Yerba mate is a native tree of the Atlantic rainforest of South America. The leaves of this species are the source for a stimulant beverage called “mate”, widely consumed in Argentina, Paraguay, Uruguay and Brazil.
The beverage is produced by infusing the leaves with hot water, and it is traditionally served in a hollowed-out gourd with a metal straw. People use to share a mate with others, so it is considered an important social event of everyday life.
Yerba mate is known to be an effective nervous system stimulant and also to contains high amounts of antioxidants, amino acids, polyphenols, vitamins and minerals.
Why I decide to work with this crop?
Firstly, because I am a big fanatic of mate beverage. Secondly and even more important, because there is a problematic of soil degradation in yerba mate plantations that is alarming. Since the last 10 years in Misiones province (the principal area of yerba mate production in Argentina) yerba mate plantations are becoming less and less productive due to a fast proces of soil degradation.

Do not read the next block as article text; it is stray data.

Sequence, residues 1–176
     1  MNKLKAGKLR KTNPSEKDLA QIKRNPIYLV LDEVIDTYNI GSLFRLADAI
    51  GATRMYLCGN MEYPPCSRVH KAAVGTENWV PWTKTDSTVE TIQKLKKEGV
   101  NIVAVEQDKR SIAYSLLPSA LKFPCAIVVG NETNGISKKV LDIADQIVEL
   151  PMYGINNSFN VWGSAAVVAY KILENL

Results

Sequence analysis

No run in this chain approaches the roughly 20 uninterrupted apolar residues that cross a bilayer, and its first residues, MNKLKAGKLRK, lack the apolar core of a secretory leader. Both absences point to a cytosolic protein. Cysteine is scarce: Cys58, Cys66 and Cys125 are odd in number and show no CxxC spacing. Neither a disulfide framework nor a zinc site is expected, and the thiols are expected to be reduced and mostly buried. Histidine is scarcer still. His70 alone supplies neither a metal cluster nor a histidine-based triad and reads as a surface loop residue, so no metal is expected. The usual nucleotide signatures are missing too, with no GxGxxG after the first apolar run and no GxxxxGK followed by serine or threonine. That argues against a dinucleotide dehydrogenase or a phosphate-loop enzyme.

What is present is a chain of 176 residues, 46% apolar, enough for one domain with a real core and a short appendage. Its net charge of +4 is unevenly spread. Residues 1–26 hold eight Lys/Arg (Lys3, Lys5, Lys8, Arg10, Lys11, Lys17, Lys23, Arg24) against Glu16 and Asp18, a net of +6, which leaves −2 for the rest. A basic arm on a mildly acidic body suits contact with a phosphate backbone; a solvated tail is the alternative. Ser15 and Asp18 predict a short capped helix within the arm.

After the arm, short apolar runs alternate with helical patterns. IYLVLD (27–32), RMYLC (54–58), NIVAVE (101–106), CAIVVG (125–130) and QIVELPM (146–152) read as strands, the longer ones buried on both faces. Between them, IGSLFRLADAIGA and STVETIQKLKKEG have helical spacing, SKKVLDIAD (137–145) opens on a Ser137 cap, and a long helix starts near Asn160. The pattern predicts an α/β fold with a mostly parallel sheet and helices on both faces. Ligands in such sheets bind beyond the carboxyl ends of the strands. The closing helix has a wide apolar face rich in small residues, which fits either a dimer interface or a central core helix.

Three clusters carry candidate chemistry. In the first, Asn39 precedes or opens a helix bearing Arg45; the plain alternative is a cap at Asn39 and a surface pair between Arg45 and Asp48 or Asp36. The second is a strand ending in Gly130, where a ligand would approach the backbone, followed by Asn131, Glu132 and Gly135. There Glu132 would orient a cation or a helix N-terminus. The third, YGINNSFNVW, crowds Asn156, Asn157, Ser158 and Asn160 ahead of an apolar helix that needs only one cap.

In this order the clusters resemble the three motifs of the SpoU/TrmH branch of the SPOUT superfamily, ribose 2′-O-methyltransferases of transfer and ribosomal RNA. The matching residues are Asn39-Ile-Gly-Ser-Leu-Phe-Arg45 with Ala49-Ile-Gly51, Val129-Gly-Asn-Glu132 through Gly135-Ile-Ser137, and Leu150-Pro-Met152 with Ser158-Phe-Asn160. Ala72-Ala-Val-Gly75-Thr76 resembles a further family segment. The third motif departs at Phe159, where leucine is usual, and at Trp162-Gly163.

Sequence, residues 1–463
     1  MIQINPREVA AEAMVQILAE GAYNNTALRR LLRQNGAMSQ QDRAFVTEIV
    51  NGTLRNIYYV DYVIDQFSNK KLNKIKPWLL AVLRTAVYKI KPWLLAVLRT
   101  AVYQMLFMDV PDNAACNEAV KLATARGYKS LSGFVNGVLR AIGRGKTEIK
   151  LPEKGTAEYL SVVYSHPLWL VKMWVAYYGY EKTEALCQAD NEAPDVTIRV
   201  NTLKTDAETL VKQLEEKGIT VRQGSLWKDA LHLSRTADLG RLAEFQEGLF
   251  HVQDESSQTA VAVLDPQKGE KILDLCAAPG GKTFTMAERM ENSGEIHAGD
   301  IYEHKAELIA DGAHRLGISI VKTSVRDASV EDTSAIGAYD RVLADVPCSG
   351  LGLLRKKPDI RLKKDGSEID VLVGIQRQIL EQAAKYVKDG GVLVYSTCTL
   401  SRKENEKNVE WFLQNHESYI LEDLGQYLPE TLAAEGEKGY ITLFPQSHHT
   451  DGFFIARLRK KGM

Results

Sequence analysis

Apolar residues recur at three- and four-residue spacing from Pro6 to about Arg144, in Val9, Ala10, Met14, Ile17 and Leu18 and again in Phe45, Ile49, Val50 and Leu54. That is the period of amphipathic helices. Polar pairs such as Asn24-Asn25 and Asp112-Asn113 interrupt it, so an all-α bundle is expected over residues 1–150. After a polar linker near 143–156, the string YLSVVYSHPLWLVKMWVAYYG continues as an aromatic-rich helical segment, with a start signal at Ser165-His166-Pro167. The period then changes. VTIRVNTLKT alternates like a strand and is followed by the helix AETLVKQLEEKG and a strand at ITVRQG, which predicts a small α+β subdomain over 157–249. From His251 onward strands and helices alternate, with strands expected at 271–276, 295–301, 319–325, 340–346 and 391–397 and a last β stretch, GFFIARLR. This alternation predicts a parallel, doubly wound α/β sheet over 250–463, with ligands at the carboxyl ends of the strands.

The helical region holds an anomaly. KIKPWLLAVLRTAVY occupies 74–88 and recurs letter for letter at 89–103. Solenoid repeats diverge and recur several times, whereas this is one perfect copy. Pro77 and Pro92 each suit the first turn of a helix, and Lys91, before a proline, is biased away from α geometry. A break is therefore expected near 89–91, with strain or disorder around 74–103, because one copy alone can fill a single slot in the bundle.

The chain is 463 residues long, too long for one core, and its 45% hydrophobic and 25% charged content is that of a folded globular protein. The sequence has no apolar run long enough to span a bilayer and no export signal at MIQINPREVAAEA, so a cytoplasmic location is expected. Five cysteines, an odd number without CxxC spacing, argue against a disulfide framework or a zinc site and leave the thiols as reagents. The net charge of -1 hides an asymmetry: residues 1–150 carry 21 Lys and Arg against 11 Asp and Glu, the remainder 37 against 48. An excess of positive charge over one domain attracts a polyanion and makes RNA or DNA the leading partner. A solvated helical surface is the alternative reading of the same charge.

As a biologist I decided to study if yerba mate has beneficial microorganims associated that can be used as inoculants to improve the growth and health of this crop.
The benefits of the bio-inoculation has been exploited in several crops, but principally in annual crops such sugarcane, maize, soybean, etc. However yerba mate is a tree!! So, I asked myself if the inoculation of yerba mate seedlings with native plant growht promoting rhizobacteria could have a positive impact. Fortunately after a field work in Argentina we observed a very promosing response of the plants to the bio-inoculation.
This encouraged me to continue with my mission helping yerba mate!